The UK is is struggling with one of the highest COVID-19 infection rates in Europe, despite the early success of its vaccination campaign.
The United Kingdom is struggling with one of the highest COVID-19 infection rates in Europe, despite the early success of its vaccination campaign -- calling into question the liberal health policy of Boris Johnson's government.
Figures released on Monday showed that another 49,156 people tested positive in the latest 24-hour period, the highest number since mid-July.
Over the past fortnight, new infections have fluctuated between 35,000 and 45,000 daily cases. On October 12 the incidence rate hit 410 cases per 100,000 inhabitants, much higher than in the rest of Europe and nearly 10 times more than in France (44). Only Romania, Serbia and the Baltic countries are in a worse situation.
In July, Johnson's government lifted most remaining coronavirus restrictions, at a time when many European countries were moving to introduce health passes. At this month's ruling Conservative Party conference, the prime minister's focus was very much on post-pandemic recovery.
Scientists explain the soaring daily cases by the large number of tests carried out in the United Kingdom. At nearly 900,000 per day, this is far higher than the equivalent number in countries such as Germany and France -- where since mid-October tests are no longer automatically covered by insurance.
Another reason scientists attribute to the surge is the fact that young Britons -- including the over-12s who have only been eligible for vaccination since September -- are tested several times a week at school.
The infection rate among older children "is clearly the driving force behind this sustained tide of new infections," says Professor Simon Clarke of the University of Reading, warning that the high case numbers may put vulnerable people around them at risk.
Relaxed rules questioned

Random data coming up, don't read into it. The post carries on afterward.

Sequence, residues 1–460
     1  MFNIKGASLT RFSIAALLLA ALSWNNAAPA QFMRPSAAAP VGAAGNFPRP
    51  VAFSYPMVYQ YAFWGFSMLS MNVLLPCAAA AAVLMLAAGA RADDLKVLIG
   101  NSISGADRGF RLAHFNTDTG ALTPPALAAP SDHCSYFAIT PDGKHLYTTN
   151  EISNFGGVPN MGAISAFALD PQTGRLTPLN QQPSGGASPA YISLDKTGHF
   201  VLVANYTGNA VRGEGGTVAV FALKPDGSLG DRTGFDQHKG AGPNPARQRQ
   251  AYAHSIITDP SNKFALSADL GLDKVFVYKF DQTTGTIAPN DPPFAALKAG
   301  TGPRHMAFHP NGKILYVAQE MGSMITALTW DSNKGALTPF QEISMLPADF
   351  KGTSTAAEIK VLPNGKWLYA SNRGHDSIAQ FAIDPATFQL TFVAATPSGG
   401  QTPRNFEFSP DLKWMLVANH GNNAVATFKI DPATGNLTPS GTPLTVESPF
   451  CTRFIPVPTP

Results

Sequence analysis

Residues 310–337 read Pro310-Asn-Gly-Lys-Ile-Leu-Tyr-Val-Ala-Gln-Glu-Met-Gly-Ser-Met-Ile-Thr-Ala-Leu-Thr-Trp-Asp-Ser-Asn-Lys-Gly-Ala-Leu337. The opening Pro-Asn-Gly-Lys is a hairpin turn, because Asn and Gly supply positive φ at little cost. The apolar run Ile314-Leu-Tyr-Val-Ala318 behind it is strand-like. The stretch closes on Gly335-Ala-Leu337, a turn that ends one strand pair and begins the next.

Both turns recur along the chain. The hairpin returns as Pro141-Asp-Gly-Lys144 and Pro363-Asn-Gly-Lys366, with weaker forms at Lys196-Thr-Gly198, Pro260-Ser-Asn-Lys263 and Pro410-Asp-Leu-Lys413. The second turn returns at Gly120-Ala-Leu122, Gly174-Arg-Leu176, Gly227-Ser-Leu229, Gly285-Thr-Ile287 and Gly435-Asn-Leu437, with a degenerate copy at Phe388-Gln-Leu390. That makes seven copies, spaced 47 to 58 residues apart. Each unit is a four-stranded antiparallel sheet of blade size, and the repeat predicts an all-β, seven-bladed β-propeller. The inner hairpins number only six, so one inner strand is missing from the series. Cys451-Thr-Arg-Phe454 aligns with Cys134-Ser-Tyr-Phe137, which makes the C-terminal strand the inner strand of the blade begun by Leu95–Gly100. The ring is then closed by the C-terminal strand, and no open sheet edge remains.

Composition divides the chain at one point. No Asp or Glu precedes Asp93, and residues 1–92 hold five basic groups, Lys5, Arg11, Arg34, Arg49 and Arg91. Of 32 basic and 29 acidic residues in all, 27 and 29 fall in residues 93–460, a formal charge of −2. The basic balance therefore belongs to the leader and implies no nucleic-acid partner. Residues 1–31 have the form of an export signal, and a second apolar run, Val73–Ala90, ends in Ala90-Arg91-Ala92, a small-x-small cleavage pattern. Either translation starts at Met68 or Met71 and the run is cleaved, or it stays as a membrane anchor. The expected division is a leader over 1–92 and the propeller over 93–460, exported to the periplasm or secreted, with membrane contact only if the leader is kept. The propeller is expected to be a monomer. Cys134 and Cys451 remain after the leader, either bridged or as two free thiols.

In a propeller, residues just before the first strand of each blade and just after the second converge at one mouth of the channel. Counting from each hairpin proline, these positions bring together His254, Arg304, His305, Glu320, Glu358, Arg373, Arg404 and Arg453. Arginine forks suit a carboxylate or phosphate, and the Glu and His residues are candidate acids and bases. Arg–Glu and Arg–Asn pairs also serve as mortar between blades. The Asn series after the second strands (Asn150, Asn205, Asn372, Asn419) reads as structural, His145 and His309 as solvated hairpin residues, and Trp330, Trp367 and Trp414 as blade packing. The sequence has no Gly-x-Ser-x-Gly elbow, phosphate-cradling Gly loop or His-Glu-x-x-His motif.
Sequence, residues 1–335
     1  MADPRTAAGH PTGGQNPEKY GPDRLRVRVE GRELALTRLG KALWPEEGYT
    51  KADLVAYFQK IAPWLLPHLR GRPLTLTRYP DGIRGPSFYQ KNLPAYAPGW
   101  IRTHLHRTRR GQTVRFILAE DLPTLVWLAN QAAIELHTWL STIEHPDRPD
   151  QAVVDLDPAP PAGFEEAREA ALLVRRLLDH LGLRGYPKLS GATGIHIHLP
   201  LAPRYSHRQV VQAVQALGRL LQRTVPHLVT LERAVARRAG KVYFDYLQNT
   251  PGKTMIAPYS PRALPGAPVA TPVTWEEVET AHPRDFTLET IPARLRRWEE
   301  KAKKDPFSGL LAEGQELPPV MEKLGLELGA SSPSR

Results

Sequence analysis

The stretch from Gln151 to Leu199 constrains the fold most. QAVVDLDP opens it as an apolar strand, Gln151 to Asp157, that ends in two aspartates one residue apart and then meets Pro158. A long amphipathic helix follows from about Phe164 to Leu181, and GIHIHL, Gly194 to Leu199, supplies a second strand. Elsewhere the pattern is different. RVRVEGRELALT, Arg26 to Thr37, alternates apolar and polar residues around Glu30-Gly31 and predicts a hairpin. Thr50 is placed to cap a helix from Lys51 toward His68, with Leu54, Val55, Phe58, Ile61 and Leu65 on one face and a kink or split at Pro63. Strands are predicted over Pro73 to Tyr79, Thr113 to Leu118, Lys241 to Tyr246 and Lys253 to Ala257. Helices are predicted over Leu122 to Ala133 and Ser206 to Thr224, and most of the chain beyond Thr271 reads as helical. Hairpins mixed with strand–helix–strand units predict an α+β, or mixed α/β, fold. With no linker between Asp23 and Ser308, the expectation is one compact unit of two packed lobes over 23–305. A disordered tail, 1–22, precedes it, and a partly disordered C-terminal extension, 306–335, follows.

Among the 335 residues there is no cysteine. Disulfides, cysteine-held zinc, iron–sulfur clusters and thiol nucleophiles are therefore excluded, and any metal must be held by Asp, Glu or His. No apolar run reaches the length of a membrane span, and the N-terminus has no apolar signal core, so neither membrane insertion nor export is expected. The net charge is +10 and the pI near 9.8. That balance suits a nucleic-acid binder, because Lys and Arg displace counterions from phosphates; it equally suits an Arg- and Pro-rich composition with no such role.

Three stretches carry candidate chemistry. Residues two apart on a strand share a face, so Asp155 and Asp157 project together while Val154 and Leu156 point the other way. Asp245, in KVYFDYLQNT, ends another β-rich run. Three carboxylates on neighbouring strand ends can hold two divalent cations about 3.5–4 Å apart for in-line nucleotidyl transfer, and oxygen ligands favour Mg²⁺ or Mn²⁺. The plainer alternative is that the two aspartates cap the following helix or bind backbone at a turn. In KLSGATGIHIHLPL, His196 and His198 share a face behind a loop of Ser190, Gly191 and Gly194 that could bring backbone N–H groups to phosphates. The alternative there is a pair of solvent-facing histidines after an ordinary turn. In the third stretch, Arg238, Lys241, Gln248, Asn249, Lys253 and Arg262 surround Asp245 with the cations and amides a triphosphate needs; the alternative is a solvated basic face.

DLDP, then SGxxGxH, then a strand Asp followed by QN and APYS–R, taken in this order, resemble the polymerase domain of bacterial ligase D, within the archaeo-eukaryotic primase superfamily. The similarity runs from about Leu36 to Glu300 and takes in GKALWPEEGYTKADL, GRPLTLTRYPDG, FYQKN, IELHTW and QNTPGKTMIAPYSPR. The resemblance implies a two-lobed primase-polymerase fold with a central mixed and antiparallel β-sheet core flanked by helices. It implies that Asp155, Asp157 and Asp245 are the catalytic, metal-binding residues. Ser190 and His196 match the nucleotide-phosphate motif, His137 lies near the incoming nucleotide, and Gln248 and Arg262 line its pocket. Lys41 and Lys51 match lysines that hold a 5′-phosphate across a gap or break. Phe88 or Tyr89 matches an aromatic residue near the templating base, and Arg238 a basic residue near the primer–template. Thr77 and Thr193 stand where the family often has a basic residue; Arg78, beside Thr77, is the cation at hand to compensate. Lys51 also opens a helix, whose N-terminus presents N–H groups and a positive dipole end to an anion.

The United Kingdom, one of Europe's hardest-hit countries by the pandemic with more than 138,000 deaths, has relaxed restrictions more than most. The number of large indoor events without the need for a vaccine passport has increased, and compulsory mask-wearing in England ended in July.
Scotland has introduced a vaccine passport scheme for nightclubs and large events since October 1, enforceable by law. Yet coronavirus cases there also remain high.
Some 15% of Britons never wear a mask, compared to around 5% among their European neighbours, according to a YouGov survey in mid-October. Even on public transport in London, where masks remain compulsory, the rule is ignored by a high proportion of passengers.
Some scientists are now calling on the government to review its policy, especially with the approach of winter, always a tense period for hospitals. They want the government to activate its "plan B", which provides for the return of certain measures, such as wearing a mask indoors or encouraging home-working, in the event of a deterioration over the winter.
"We always knew the coming months could be challenging," a spokesman for the prime minister said on Monday.
"Obviously different countries are potentially at different stages of their vaccination programmes and have different measures in place, so it’s difficult to compare and contrast," he added. "But it's important to strike the right balance between protecting lives and livelihoods."
Spotlight on booster jabs
The British vaccination programme started much faster than in the rest of Europe, and nearly 45 million people are now fully vaccinated (79% of those over 12).
The campaign has significantly reduced the link between infection and severe forms of the disease, with currently 7,086 people hospitalised (there were nearly 40,000 in January) and 972 deaths due to COVID-19 over the last seven days.
Some experts say the country is now paying for the early progress made. The first people to be vaccinated, the most fragile, are now experiencing a drop in immunity to the virus. This is especially the case among the many who were jabbed with the Oxford-AstraZeneca vaccine -- whose effectiveness wears off quicker than that of its competitors, according to some studies.
The British government launched its booster campaign in mid-September, which is open to people over 50 and carers. But only 41% of those vaccinated more than six months ago have so far received their new injection, compared to 45% in France.
The government says everything possible is being done to contact people who are eligible for booster jabs, and will continue to step up its campaigns.